Cape May Rare Bird Alert - 9/3/1992
You have reached the Cape May birding hotline. Highlights of the week ending Sept. 3 include SWAINSON'S HAWK, WHITE-FACED IBIS, EURASIAN WIGEON, BAIRD'S and PURPLE SANDPIPER, news from the Cape May hawk watch, highlights of recent warbler and landbird flights, UPLAND SANDPIPER, POMARINE JAEGER, BLACK and GULL-BILLED TERNS, BROWN PELICAN, local nature notes, and news of CMBO's upcoming programs.

A subadult SWAINSON'S HAWK was reported over New England Rd. on Aug. 25; and one was seen by the official watch at Cape May Point on Sept. 2. An adult, winter-plumaged WHITE-FACED IBIS was seen at Brigantine NWR near the tower on Aug. 31. On Sept. 3, a EURASIAN WIGEON was at Brigantine. The Cape May Coast Guard base on the north side of the Cape May canal held a BAIRD'S SANDPIPER and a PURPLE SANDPIPER on Sept. 3.

431 hawks were counted by the official hawk watch in August. Highlights included: 2 BLACK VULTURES, a steady movement of OSPREY (a total of 162 by the month's end), ten BALD EAGLES (of which only one was an adult bird), 136 AM. KESTREL, and 4 PEREGRINES. The BALD EAGLES continue to surge through. Four were seen on Sept. 1, one of these was an adult. Sept. 1 was our biggest hawk flight of the fall so far, with 191 raptors, including 2 BLACK VULTURES, 51 OSPREY, 19 N. HARRIER, 12 COOPERS HAWKS, 1 RED-SHOULDERED HAWK, 29 BROAD-WINGS, 11 RED-TAILS, 16 AM. KESTREL, and 1 PEREGRINE. Please welcome our hawkwatcher this fall, Jorge Montejo from Mexico. He began the watch on Aug. 18 and will continue until the end of November.

Aug. 29 produced a LAWRENCE'S WARBLER at Higbee's Beach, whetting appetites for the flights to come. Sunday Aug. 30 was a day enjoyed by countless enthusiasts. 25 species of warblers and dozens of other landbird species were seen at Higbee's Beach that day. Warbler highlights included: 2 GOLDEN-WINGED, 28 CHESTNUT-SIDED, 25 MAGNOLIA, 12 BLACKBURNIAN, 12 WORM-EATING, 1 HOODED WARBLER, 1 KENTUCKY, 1 CERULEAN, 1 WILSON'S WARBLER, 1 MOURNING WARBLER, 4 NASHVILLE, 12 TENNESSEE, 1 CAPE MAY WARBLER, 30 CANADA WARBLERS, 50-plus REDSTARTS, and more. The flight also brought over 100 N. ORIOLE, 1 YELLOW-BELLIED FLYCATCHER, 2 WARBLING VIREOS, ROSE-BREASTED GROSBEAKS, and lots of VEERIES and HERMIT THRUSH. Each morning following, clear cool nights since the 30th have produced good flights at Higbee. Dawn is the magic hour, 6:30; sometimes by 8 or 9 AM it can be as if it never happened.

An UPLAND SANDPIPER spent part of the day on Aug. 29 on the grassy lawn at Cape May Point State Park; lucky for the bird, it was one of the few days the park was not mowing. A POMARINE JAEGER was seen from the lighthouse at the State Park on Aug. 28, and a small JAEGER was seen out over the Delaware Bay from the Alexander Ave. jetty on Aug. 29.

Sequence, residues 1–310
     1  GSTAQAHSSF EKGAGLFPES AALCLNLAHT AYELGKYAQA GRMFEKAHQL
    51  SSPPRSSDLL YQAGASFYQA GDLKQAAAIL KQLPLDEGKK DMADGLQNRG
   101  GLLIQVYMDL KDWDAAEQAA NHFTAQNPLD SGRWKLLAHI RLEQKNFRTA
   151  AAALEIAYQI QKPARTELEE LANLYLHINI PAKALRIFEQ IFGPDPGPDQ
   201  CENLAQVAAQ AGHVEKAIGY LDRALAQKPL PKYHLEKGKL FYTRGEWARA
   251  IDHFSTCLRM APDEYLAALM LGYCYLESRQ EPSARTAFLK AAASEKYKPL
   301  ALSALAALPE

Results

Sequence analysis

Champagne Island, the sandbar in Hereford Inlet between Wildwood and Stone Harbor, was visited by boat on Sept. 2, and held 3 BLACK TERNS, 1 GULL-BILLED TERN, and numbers of ROYAL TERNS. This sandbar can best be viewed from Anglesea Drive in N. Wildwood, or from Nummy's Island. One BLACK TERN and 30 ROYAL TERNS were seen at Cape May Point on Aug. 28. BROWN PELICAN sightings continue to come in; one was seen flying by the State Park on Aug. 30.

BLUE GROSBEAKS nest at Higbee Beach, and on Aug. 28 a family group was seen in the tower field and several males were heard singing. Keep an eye skyward for NIGHTHAWKS. One was seen over the fields along New England Rd. on Aug. 29, and they're known to move in flocks toward dusk in migration - which is right now. RUBY-THROATED HUMMINGBIRDS are still regular at CMBO's feeder, including one male; at many feeding stations, males have left during the past few days, they being the first to migrate.

Local nature notes follow. Many fruits are ripening, and the migrating songbirds are taking adbvantage of them, like Virginia Creeper berries, Wild Cherries, Pokeweed fruits, Autumn and Russian Olive berries. We are finally enjoying an abundance of butterflies. Up until the end of July, butterflies were nearly absent. In some case, Monarchs are now laying eggs on Milkweed plants along roadsides and in yards - spare the Milkweed now if you want to see Monarchs during migration.

[Program announcements omitted. -LL]

Cape May Bird Observatory is a research and conservation unit of the New Jersey Audubon Society. For more information regarding Cape May birding, our programs and field trips, phone our office at 609-884-2736 or write to CMBO, PO Box 3, Cape May Point, NJ 08212. If you're in the area please stop by our headquarters at 707 East Lake Drive, Cape May Point.

The Cape May birding hotline [(609) 884-2626] is a service of Cape May Bird Observatory and includes sightings from Cape May, Atlantic, and Cumberland counties and adjacent areas. Updates are made on Thursday evening, more often if warranted. [Compiled by CMBO staff; transcribed by L. Larson (llarson@pucc.princeton.edu).] Please report sightings of rare or unusual birds to CMBO at (609) 884-2736. Thank you for calling; good birding.

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